Sleep Affects Your Diet, and Overall Health, More Than You Think
New research suggests how much sleep you get could influence your metabolism, diet, and cardiovascular health.
You may have heard that food can actually influence the quality of your sleep—but new research shows that sleep can also influence when we eat, our metabolism, and our risk of developing cardiovascular related diseases as well.
The National Sleep Foundation recommends those between the ages of 18 and 64 sleep for at least seven hours each night for optimal health and wellbeing, but over one-third of Americans regularly miss that mark. People aren't heading to bed early enough, either, and consequences are much more serious than just being cranky throughout the day.
A new study, published Tuesday in the peer-review Journal of the American College of Cardiology, suggests that sleeping less than six hours per night could greatly increase your risk of cardiovascular disease. The study, which included 4,000 participants at an average age of 46 with no history of heart disease, showed that people who didn't get at least six hours of sleep were 27 percent more likely to develop atherosclerosis (a build up of plaque in arteries).
Researchers came to this conclusion after studying participants' sleep activity for 7 days, taking an ultrasound of the heart and cardiac CT scans, and comparing the data against those who got between 7 and 8 hours of sleep each night.
Furthermore, a recent international review of previously published studies considered the effect of sleep on physical health—the results of that review were published in the Advances in Nutrition journal in December 2018.
Research showed an increased risk of poor health for those who prefer to stay up late, as they tend to entertain more erratic eating patterns and consume unhealthy foods, especially compared to those who get adequate sleep and wake up early.
The review explained researchers used an emerging field in nutritional epidemiology to come to their conclusion. It's known as chrono-nutrition, which encompasses three separate facets of eating behavior: timing, frequency, and regularity to help interpret results.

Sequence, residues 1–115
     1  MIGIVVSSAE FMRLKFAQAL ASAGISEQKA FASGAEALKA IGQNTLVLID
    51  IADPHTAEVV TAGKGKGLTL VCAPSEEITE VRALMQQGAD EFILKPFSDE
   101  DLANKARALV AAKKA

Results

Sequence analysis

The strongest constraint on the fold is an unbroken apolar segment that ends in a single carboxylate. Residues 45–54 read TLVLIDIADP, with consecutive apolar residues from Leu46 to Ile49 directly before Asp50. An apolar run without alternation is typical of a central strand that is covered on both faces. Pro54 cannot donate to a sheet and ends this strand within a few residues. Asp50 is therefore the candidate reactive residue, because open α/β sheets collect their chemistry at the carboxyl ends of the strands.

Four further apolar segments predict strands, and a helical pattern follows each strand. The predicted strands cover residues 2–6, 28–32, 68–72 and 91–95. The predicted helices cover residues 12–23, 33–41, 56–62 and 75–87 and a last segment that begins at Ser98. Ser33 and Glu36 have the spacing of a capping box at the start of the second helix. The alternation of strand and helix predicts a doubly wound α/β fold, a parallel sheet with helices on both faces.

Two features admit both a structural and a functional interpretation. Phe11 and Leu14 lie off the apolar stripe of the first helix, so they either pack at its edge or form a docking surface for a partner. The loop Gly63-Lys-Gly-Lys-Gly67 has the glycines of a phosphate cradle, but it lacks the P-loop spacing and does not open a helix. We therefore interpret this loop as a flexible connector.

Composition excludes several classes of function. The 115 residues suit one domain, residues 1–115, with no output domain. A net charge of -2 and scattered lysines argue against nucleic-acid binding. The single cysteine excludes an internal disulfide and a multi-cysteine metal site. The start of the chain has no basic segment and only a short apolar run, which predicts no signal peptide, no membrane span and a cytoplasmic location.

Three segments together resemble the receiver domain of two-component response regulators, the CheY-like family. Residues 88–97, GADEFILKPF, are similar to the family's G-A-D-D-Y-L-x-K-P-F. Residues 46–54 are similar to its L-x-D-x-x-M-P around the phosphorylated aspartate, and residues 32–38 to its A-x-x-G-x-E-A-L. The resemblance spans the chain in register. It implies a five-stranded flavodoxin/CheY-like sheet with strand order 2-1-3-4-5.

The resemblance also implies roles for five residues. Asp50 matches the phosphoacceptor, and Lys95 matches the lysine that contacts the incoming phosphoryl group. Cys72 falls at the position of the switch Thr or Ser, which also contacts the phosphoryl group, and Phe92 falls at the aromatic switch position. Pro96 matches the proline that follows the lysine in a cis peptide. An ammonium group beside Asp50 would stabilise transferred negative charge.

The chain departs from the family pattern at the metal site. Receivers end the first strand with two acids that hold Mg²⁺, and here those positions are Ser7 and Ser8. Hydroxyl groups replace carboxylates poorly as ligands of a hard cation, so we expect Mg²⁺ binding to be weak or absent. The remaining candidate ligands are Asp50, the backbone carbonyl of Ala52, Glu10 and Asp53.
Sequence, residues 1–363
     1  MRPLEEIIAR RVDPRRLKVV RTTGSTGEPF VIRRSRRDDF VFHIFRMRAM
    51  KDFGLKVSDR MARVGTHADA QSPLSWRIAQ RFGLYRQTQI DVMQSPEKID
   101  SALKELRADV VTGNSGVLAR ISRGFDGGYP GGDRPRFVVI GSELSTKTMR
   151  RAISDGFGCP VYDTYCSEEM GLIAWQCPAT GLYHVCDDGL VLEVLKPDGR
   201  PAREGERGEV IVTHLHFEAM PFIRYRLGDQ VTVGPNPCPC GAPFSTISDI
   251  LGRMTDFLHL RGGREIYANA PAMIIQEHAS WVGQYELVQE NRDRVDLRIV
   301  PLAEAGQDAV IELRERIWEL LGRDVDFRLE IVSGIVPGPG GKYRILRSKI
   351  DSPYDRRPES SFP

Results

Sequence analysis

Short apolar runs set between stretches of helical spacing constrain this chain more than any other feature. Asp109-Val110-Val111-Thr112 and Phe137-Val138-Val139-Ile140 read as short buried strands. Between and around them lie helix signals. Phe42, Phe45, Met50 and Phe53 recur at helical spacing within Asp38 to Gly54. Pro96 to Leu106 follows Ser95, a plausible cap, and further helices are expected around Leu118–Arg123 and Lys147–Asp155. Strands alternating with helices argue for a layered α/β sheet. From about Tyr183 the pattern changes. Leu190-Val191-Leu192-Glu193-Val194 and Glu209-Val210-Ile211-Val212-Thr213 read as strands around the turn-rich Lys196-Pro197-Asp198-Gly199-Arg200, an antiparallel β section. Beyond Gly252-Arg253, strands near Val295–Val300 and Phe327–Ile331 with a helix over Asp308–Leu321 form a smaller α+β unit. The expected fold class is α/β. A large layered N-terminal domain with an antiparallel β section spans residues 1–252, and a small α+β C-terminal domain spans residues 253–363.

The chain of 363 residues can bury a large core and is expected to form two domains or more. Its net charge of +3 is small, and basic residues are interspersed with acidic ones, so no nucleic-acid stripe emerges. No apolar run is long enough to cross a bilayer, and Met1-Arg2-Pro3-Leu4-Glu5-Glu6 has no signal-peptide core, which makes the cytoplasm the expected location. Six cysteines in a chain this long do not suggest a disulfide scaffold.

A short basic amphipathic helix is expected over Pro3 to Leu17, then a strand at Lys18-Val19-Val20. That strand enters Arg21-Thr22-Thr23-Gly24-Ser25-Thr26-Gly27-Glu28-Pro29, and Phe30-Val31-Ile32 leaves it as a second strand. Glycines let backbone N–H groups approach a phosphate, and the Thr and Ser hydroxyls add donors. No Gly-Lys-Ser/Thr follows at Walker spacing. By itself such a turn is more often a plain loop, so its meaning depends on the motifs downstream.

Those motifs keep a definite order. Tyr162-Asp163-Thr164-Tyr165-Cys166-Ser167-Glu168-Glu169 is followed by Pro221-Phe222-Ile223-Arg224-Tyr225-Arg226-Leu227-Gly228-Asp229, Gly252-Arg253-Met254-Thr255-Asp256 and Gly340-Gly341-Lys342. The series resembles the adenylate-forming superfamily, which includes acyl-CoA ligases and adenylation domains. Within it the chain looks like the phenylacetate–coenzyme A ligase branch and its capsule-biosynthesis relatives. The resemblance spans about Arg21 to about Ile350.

One’s chronotype, more commonly known as a circadian rhythm, serves as an internal clock, regulating the body’s 24-hour cycle. This internal clock tells you when to sleep and when to wake up—even when to eat. Researchers found people with an evening chronotype, those who would refer to themselves as "night owls," face 2.5 times more risk for health conditions such as heart disease and Type 2 diabetes. Their results were weighed against those than those who get enough sleep and rise early in the morning.
The team behind the study believe this phenomenon has everything to do with diet. Those with an evening chronotype tend to have worse diets than those who go to bed earlier as well as wake up earlier. Night owls tend to consume more caffeine, fat, alcohol, sugar, fast food, and snacks, and also tend to eat fewer whole grains and produce than their early-rising counterparts.
Those who go to sleep later than usual also frequently skip breakfast, leading to larger meals later in the day with excess snacking.
Eating your way through a majority of calories later in the day has been linked to an increased risk for Type 2 diabetes, as circadian rhythms influence how your body metabolizes glucose. The review noted glucose levels should naturally decline throughout the day and reach their lowest point at night. However, since many of those who stay up late consume a great deal of calories after dark, their metabolism can be negatively affected, as the body has to stop following its normal biological process to metabolize food.
Furthermore, evidence showed that those who skimped on sleep often choose to sleep more on weekends, which also has an impact on their diets and metabolism.
The review noted chronotype can be influenced by environment, career, social culture, age, and ethnicity. One study in particular suggested sleep was impacted by how much sunlight they enjoyed that day—every additional hour participants spent outside that day led to 30 minutes of “advance sleep” later that evening.
While chrono-nutrition is still a relatively new field, researchers believe this thorough review of 135 studies suggests that targeting one's sleep patterns could be the next frontier of prevention and treatment for chronic diseases related to diets.